A brothy pot of chickpeas, with lots of meat and vegetables addedkind of a Spanish pot-au-feu.
3 cups dried chickpeas, soaked in water overnight
4 to 5 pound stewing chicken, skinned and cut into 6 pieces
1 pound pork loin cut into 3-inch chunks
1 pound ham hock
1 pound slice of veal shank
2 cups dry white wine
1 quart chicken stock
1 large onion, minced
3 large garlic cloves, minced
4 medium waxy potatoes, peeled and cubed
3 parsnips, peeled and coarsely diced
3 carrots, coarsely diced
1 bay leaf
1 fresh red hot chili pepper (optional)
1. Drain the chickpeas and place them in a large stockpot. Add the chicken, pork loin, ham hock, veal shank, wine, chicken stock and 1 quart of water. Bring to a boil, remove froth, reduce heat to moderate, and simmer gently, uncovered, for 2 1/2 hours.
2. Add the chorizo, onion, garlic, potatoes, parsnips, carrots, bay leaf and chili. Simmer gently, uncovered, for 1 hour more.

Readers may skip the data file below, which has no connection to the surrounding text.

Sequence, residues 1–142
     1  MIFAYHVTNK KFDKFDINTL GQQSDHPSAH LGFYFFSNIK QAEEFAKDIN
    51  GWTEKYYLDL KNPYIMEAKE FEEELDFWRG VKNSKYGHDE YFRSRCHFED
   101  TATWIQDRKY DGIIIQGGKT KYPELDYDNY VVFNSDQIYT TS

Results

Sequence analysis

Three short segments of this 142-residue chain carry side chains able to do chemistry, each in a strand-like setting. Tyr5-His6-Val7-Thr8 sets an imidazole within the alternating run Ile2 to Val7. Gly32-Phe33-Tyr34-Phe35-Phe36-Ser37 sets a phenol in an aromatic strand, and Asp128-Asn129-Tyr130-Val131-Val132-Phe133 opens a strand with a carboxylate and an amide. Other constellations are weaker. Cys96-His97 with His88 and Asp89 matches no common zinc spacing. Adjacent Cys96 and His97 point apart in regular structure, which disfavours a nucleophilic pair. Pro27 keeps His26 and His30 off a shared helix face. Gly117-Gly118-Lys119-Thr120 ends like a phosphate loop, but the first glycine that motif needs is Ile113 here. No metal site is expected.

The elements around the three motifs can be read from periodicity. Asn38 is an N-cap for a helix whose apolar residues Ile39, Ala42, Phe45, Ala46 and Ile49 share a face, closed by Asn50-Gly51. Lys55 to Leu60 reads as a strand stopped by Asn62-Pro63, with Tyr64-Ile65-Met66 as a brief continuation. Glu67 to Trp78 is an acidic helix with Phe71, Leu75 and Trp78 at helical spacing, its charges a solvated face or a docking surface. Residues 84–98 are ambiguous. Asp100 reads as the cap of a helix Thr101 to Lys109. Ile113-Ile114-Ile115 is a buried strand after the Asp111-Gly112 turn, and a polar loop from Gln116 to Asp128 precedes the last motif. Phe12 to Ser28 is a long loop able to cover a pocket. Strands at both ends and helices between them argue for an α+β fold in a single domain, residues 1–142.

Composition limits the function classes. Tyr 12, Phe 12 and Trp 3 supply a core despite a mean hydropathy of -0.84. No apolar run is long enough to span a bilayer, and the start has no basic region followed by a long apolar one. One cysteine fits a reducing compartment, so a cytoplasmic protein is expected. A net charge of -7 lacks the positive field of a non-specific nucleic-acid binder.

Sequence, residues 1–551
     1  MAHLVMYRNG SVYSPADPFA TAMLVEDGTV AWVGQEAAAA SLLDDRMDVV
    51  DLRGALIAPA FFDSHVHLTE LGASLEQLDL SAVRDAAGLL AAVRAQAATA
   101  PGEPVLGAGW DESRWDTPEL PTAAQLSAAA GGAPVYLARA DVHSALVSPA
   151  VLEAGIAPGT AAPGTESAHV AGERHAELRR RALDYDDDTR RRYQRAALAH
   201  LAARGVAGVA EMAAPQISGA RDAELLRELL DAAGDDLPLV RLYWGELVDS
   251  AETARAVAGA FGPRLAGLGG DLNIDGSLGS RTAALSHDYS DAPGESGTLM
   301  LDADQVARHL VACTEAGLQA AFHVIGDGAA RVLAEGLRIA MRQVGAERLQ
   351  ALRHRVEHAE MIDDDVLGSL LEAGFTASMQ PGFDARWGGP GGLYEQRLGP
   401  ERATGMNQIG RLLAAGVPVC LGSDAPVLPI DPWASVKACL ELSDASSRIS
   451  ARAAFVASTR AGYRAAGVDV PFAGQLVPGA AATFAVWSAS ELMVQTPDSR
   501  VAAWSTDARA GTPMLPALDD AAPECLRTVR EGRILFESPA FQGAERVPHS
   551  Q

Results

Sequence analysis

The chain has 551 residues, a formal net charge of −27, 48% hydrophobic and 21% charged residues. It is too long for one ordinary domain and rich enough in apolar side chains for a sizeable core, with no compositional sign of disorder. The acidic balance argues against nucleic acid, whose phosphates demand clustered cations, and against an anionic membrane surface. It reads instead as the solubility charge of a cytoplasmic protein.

3. When ready to serve cocido, remove ham hock and veal shank. Cut meat off of the bones, discard bones, and return shredded meat to stockpot. Remove the bay leaf.
4. To serve, either place the cocido in a large tureen and serve from the tureen at table, or divide the cocido among 6 large soup bowls, making sure each person gets 1 piece of chicken and 1 chorizo. Serve hot.
There are cocidos made all over Spain, and each region has its own variation. Basically, it is a brothy pot of chickpeas, with lots of meat and vegetables addedkind of a Spanish pot-au-feu. The most famous cocido comes from Madrid-cocido Madrileño-where the main meat is beef. But the best one we've ever had was in Galicia, where pork products stole the show (this would be a shock to the medieval Jews, who are said to have invented this dish). In any variation, however, it is the luscious Spanish garbanzos that are the soul of the dish. Cocido is normally served in several courses, but the following recipe simplifies that practice; simply serve each diner a large bowl of broth, vegetables, meat, and chickpeas. It is an immensely satisfying winter meal. By the way, we like to stray from tradition and throw a chili pepper into the pot; we think it adds another level of interest to the dish. Serves 6